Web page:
OVERNIGHT TECH: Committee approves FTC commissioner

THE LEDE: The Senate Commerce Committee approved President Obama’s nominee to round out the Federal Trade Commission (FTC) for the second time on Monday.

Terrell McSweeny was approved by voice vote during a brief executive session of the committee. She would be the third Democratic commissioner on the five-member FTC and greatly diminish the odds of a 2-2 deadlock. 

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The committee previously approved McSweeny by a voice vote in November. Because she did not receive a vote from the Senate last year, the panel was required to confirm her nomination again.

McSweeny was nominated last June, and has been the Justice Department’s top counsel on competition policy and intergovernmental relations. She previously served as a domestic policy adviser to Vice President Biden.

Court deals blow to prison call reform: A federal appeals court halted part of the Federal Communications Commission’s (FCC) effort to impose limits on the amount that prisoners and their families are charged for phone calls. A three-judge panel of the D.C. Circuit Court of Appeals on Monday blocked part of the rules for interstate calls from taking effect until a court case challenging the reforms is settled.

Last summer, the FCC ordered phone companies to limit their charges for interstate calls, which can cost as much as 90 cents a minute plus fees. Companies providing phone service to prisons have since sued.

Rules that would cap the charges at 21 cents per minute for prepaid calls and 25 cents per minute for collect calls will remain intact. However, the court on Monday temporarily blocked a provision requiring companies’ charges to be based on costs of the inmate calling service.

FCC opens probe into 911 calls from hotels: The FCC is launching an investigation into hotels and other large institutions where 911 calls might not always go through.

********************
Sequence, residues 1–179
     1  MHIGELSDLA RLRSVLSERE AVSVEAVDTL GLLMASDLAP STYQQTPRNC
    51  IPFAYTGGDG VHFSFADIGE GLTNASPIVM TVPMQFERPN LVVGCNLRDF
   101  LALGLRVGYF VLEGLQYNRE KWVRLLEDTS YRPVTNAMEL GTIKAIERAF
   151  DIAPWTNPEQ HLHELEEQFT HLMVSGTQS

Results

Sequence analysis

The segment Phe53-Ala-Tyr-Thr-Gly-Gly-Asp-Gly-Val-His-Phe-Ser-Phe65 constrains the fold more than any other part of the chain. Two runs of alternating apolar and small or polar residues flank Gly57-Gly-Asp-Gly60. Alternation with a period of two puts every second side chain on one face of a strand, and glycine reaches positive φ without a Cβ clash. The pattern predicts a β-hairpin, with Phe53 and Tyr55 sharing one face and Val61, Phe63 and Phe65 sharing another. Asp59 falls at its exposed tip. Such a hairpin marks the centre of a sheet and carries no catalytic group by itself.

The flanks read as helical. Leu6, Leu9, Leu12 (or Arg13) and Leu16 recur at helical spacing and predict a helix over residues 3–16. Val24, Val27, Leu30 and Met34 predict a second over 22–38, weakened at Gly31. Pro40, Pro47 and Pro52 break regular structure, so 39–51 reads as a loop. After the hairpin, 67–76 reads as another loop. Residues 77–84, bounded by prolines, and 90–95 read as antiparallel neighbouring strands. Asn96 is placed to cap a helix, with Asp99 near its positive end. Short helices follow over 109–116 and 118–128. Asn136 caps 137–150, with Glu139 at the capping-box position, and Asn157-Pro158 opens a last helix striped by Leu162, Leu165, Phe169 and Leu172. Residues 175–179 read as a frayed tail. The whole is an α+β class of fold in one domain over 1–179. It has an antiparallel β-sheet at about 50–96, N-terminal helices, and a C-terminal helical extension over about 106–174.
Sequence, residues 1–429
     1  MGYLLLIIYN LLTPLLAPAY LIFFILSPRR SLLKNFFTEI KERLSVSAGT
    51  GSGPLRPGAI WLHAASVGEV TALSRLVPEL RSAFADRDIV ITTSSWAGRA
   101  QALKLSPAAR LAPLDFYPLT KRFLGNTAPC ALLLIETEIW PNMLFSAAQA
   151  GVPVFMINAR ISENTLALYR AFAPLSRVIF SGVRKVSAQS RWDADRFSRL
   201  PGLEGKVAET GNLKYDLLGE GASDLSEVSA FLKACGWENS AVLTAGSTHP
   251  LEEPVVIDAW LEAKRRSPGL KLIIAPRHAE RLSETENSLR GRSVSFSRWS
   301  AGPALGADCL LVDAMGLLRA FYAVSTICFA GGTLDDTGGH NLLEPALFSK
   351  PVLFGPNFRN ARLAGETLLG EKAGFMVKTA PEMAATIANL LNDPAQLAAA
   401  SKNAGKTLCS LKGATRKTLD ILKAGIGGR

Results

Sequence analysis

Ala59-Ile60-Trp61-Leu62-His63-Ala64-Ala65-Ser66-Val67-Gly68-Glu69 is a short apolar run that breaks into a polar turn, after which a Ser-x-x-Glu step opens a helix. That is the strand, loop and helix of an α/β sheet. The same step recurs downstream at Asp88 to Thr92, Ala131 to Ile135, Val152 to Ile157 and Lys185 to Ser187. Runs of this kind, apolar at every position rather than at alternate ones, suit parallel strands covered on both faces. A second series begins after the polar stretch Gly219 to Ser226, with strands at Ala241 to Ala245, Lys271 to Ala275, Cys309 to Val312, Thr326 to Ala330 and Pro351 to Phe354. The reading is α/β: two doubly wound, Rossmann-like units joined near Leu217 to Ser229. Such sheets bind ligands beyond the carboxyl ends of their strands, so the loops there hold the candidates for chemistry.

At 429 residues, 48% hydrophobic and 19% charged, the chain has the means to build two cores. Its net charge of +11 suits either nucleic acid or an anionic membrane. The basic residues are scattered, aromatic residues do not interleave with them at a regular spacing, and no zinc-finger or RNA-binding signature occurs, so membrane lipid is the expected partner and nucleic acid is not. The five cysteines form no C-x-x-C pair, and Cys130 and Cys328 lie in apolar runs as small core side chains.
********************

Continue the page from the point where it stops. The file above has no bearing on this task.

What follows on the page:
Commissioner Ajit Pai said in a statement on Monday that the inquiry was launched in response to the December murder of Kari Dunn. Dunn was stabbed to death by her estranged husband in a Texas hotel room, but her 9-year-old daughter could not reach emergency services because she did not know to dial 9 to reach an outside line.

“All in all, she dialed 911 four times — but she never reached emergency personnel,” Pai, a Republican, said in a statement. “Kari’s daughter behaved heroically under horrific circumstances. But the hotel’s phone system failed her, her mother, and her entire family.”

He said that he sent a letter to the 10 largest hotel chains in the country to probe their policies for dialing 911 from a room.

The Dunn murder has captivated lawmakers as well. In December, Rep. Louie Gohmert (R-Texas) said that he was exploring legislation to prevent the kind of tragedy from happening again.

Communications Act update hearing grows: Wednesday’s Energy and Commerce subcommittee hearing on the Communications Act will be larger than originally announced. The Communications and Technology subcommittee had previously said that former Chairmen Richard Wiley, Reed Hundt and Michael Powell would appear to set off lawmakers’ multi-year effort to update the communications law. 

On Monday, the panel announced that former Chairman Michael Copps will also testify at the hearing.

 

ON TAP

A House Judiciary subcommittee will talk about the “scope of copyright protection” at a 10:00 hearing.

At 2:30 p.m., the five members of the White House review group on surveillance and intelligence will testify before the Senate Judiciary Committee.

 

IN CASE YOU MISSED IT

report suggests a National Security Agency domestic surveillance program “has had no discernible impact on preventing acts of terrorism.”

The FCC won’t say whether or not it has launched an investigation into curse words that made it onto the air during Sunday evening’s broadcast of the Golden Globe Awards.

Pablo Chavez, a senior lobbyist at Google, will join LinkedIn at the end of the month, marking the tech company’s continued Washington expansion. 

Federal officials are accusing Apple of waging “a campaign of character assassination” against a court-appointed antitrust monitor on e-book prices.

Sen. Richard Blumenthal (D-Conn.) urged the upscale retailer Neiman Marcus to take “proactive measurers” to help consumers affected by a December data breach

 

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